ArchiTECHt Daily: Finding the right balance on data privacy

1. Read this story about a strange data-sharing deal between Google DeepMind and a London hospital. (
ArchiTECHt Daily: Finding the right balance on data privacy
By ARCHITECHT • Issue #39
1. Read this story about a strange data-sharing deal between Google DeepMind and a London hospital. (Or read the full paper it’s based on, which actually is more like a piece of investigative journalism than a research paper.)
2. Think about what a mutually beneficial arrangement that adequately ensures privacy would actually look like.
There are lots of funky things in the original arrangement between the two organizations, where Royal Free NHS in London gave DeepMind access to patient data, supposedly as part of a program to improve care for patients with kidney problems. The deal was, according to the paper’s authors, vague, opaque and peculiar in that in prohibited DeepMind—a deep learning company—from using data for machine learning.
DeepMind, for what it’s worth, has actually blogged about the agreement a couple of times in the past month:
I think the bigger issue here is how we strike the right balance between privacy, innovation and the law. It’s easy to pick a side on opposite ends of the privacy-innovation spectrum, but the reality is that there’s a lot of space in between that we probably haven’t adequately investigated. This includes the very basic question of where data is actually safer from prying eyes (I might argue on Google servers).
A functional public-private partnership on issues like health care could be remarkably beneficial to everyone involved—patients included—but it’s going to require governments moving beyond some preconceived notions about privacy, and companies putting in the extra work to ensure they’re putting privacy first.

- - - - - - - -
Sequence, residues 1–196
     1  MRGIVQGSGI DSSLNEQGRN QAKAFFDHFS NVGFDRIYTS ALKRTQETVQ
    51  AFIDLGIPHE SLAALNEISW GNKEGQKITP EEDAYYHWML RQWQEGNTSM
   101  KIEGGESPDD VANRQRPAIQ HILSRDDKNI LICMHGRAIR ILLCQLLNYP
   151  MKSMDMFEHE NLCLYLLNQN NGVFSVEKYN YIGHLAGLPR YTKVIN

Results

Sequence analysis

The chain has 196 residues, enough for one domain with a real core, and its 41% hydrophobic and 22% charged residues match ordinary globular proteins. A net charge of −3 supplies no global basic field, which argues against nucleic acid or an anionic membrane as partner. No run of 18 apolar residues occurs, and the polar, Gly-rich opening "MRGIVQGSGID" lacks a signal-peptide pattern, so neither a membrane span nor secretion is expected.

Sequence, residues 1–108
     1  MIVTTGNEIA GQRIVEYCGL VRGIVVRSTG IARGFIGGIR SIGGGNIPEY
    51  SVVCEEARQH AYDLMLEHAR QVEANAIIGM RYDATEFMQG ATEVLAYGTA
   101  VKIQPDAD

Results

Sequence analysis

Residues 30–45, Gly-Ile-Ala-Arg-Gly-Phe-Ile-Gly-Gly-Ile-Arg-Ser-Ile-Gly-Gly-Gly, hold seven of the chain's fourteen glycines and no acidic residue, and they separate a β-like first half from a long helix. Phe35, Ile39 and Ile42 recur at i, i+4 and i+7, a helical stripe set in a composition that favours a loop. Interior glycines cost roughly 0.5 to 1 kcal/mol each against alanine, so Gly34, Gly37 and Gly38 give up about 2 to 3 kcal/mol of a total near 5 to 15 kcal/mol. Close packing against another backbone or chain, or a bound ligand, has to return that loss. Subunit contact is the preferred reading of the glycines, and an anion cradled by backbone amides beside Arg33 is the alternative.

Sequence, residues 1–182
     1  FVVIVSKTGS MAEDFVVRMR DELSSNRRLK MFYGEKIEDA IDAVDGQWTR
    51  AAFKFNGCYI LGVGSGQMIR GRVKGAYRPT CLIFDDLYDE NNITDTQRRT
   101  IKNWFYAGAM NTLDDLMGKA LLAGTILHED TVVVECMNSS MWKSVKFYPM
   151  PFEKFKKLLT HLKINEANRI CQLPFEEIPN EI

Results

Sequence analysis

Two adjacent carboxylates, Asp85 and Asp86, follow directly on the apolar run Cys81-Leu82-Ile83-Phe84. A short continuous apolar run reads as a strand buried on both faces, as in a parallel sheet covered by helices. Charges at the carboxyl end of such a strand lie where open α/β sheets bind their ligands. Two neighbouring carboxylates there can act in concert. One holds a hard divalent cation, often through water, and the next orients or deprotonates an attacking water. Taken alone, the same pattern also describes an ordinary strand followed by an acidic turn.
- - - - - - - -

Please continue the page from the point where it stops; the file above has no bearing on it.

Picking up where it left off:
For a couple more stories from yesterday generally related to this topic, check out:

Sponsor: Datos IO
Sponsor: Datos IO
Around the web: Artificial intelligence
This is probably fine for rental and homeowners insurance. I would caution against automating too much for other types of insurance, though.
This is a good write from WIRED about research into how AI systems can communicate with each other in their own, purposeful manner, rather than trying to recreate human communication. Read the full paper here.
The results of this study are pretty remarkable—large annual gains, even during market turmoil. I would imagine there are quite a few folks already making a killing with approaches like this.  •  Share
And they want access to systems from Google and IBM when they’re available—Google says in 5 years.
Around the web: All things data
For certain workloads, at least. Watch this 3-minute video of Berkeley’s Michael Jordan explaining the Ray project, or check out its website.
How does a 400-500 percent increase in throughput sound? Or a 60 percent reduction in latency?
Gartner’s Merv Adrian looks into which Hadoop ecosystem projects have support from leading distributions; Kafka was the last one to garner broad support. The new move is to integrate pet projects.
This post from Cloudera turns into a marketing pitch, but it begins with a good look at the open source tools data scientists use, and why they use them.
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